why we've been waiting eight years for the new studio ghibli film
Though hampered by death, earthquakes and a spiralling budget, The Tale of the Princess Kaguya is an emotional triumph of Japanese emotion.
The Tale of the Princess Kaguya, director Isao Takahata's fifth for the iconic Japanese anime company Studio Ghibli, is worth the wait. Derived from an old Japanese folk story, the story follows the fate of a magical princess, discovered and reared by a bamboo cutter. When Kaguya grows up, he insists she lives as a royal in the city and waits, like a good princess, for a suitor. But Kaguya is no old fashioned Disney style princess. Nor was the making of the film was so straightforward. Here are five of the obstacles faced by Studio Ghibli.
The Director Took His Time
Producer Yoshiaki Nishimura spent 12 hours a day, six days a week with director Isao Takahata for 18 months before he agreed to make the film. In truth, the project had been in Takahata's mind for much longer. The Tale of the Princess Kaguya is derived from an old Japanese folk story about a Moon princess sent to earth as punishment to live with a bamboo cutter and his wife. The director had worked on an animated incarnation of the story some 55 years previously.
It Took Another 18 Months For The Script To Be Completed
Five years into the project, the Studio Ghibli team only had 30 minutes of storyboard. The problem, according to Nishimura was the director, who if he had it all his way would keep production going well into the 2020s. So the studio decided to release the film simultaneously in Japan with fellow Studio Ghibli founder Hayao Miyazaki's The Wind Rises in 2013; a move that stirred Takahata into action.
Some Of The Inspiration Is 40 Years Old
The film has a lot in common with the animated TV series Heidi, A Girl of the Alps that Takahata and Miyazaki created for television in 1974. Like Heidi, Kayuga is at home in a wonderfully, romantically sketched mountain idyll; a greyness intrudes when she's forced to hide from public view as a Princess in the city.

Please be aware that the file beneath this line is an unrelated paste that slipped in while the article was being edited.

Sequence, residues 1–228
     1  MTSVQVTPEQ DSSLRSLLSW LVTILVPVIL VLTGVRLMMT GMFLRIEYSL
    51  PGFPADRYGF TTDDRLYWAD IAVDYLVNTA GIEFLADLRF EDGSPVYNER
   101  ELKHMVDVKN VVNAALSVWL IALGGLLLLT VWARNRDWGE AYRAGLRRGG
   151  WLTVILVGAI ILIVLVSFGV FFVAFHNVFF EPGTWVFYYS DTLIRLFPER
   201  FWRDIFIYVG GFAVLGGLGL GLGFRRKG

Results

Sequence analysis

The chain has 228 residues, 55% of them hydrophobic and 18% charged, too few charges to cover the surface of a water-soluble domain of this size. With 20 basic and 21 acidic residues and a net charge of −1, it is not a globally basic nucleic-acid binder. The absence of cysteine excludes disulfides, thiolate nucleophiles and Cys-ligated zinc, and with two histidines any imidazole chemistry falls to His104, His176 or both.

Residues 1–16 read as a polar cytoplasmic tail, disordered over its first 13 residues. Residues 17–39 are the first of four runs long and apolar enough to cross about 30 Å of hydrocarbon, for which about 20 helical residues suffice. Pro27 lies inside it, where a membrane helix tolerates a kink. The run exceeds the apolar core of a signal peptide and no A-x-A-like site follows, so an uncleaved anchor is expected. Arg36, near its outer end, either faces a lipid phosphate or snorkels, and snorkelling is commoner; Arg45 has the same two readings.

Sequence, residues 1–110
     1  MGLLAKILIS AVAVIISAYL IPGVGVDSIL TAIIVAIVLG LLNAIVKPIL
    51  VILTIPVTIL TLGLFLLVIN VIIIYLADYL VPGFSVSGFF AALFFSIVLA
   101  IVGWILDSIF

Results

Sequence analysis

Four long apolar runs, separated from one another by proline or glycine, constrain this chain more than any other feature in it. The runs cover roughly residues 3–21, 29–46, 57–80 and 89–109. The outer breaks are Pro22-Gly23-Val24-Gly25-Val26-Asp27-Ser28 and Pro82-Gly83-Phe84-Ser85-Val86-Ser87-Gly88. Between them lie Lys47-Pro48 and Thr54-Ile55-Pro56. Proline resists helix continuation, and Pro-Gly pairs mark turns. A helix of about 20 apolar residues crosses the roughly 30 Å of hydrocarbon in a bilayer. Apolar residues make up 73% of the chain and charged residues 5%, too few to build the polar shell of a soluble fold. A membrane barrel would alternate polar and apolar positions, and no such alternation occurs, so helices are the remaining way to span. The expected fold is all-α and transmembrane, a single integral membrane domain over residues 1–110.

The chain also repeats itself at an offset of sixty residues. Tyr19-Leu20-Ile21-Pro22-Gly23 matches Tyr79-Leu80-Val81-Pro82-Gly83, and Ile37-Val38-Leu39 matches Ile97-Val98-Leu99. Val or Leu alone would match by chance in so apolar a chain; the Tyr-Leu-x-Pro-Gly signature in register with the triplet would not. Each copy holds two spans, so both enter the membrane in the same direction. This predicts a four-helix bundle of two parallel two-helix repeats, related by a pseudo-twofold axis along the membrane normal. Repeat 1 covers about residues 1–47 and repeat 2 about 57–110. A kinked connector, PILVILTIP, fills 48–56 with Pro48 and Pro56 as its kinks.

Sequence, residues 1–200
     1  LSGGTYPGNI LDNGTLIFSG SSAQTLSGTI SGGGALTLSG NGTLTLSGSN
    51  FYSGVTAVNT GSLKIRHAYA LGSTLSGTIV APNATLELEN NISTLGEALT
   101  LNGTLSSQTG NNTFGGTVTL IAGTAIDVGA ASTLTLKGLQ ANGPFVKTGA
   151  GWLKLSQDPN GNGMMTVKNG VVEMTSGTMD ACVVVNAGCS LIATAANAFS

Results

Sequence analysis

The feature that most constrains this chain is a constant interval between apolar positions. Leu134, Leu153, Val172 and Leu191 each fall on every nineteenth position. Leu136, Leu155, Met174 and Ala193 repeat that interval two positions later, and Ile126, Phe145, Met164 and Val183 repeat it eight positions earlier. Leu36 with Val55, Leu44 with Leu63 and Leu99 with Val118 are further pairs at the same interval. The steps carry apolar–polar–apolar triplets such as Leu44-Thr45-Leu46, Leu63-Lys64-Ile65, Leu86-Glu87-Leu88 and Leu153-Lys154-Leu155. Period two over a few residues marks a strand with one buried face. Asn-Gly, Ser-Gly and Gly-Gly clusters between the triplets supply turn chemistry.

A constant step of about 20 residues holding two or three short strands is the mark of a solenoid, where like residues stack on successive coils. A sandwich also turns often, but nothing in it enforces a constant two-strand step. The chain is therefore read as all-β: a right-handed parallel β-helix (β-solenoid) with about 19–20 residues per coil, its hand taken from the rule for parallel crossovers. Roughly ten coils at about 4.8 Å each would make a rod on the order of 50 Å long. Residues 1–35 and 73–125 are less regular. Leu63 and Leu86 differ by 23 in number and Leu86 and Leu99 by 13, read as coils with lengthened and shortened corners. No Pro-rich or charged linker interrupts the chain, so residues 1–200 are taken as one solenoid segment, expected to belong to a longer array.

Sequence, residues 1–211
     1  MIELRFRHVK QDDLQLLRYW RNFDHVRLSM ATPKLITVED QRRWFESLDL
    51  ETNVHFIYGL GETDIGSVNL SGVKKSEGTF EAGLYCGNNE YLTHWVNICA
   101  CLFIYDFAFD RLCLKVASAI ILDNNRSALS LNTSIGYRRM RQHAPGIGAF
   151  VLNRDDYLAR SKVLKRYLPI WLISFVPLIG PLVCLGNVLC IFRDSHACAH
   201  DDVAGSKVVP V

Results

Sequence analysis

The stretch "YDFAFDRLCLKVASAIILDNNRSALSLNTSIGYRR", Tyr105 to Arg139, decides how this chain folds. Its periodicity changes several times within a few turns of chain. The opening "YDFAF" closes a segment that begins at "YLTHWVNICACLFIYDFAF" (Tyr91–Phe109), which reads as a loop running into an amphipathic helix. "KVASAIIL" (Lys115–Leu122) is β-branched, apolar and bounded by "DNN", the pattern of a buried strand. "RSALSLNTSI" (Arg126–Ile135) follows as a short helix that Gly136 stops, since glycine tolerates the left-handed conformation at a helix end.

The Film's Cheerleader Died In The Process
The film cost 5 billion yen to make - the equivalent of a live action, large-scale movie. The budget made possible by support from Seiichiro Ujiie, the then chair of Nippon Television Network. Ujie said: "I want to see a movie by Mr. Takahata. I don't care if it loses money. I'll pay for it. I'll die knowing I did." The production fell behind schedule and Ujie died in 2011 but not before he'd read the script and seen partial storyboards. His name appears first in the film's opening credits.
Then There Was An Earthquake
The film was in production when the Tohoku earthquake and tsunami struck Japan on March 11, 2011. Takahata was concerned about the work but realised that the lessons of the story would serve as an appropriate artistic response to the disaster. Like The Wind Rises, Princess Kaguya is an urgent message to spend our time on earth well and reinforces - through its beautiful watercolour style sketches - the connections between humanity and the planet it inhabits. When production ended, Takahata was moved to say: "It's sad, isn't it."
is in cinemas from Friday 20 March.
Text Colin Crummy